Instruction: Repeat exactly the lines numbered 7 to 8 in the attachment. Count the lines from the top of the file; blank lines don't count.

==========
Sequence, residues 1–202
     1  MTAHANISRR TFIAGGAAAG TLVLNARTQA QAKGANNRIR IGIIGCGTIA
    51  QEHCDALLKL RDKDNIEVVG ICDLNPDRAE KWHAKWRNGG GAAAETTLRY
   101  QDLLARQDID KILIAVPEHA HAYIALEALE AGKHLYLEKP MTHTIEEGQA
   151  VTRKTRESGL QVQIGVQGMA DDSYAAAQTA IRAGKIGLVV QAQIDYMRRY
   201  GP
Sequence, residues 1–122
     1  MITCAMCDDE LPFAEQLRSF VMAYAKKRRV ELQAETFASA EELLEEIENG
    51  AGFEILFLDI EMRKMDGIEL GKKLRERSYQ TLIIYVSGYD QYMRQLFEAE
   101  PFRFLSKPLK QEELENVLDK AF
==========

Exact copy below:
Sequence, residues 1–122
     1  MITCAMCDDE LPFAEQLRSF VMAYAKKRRV ELQAETFASA EELLEEIENG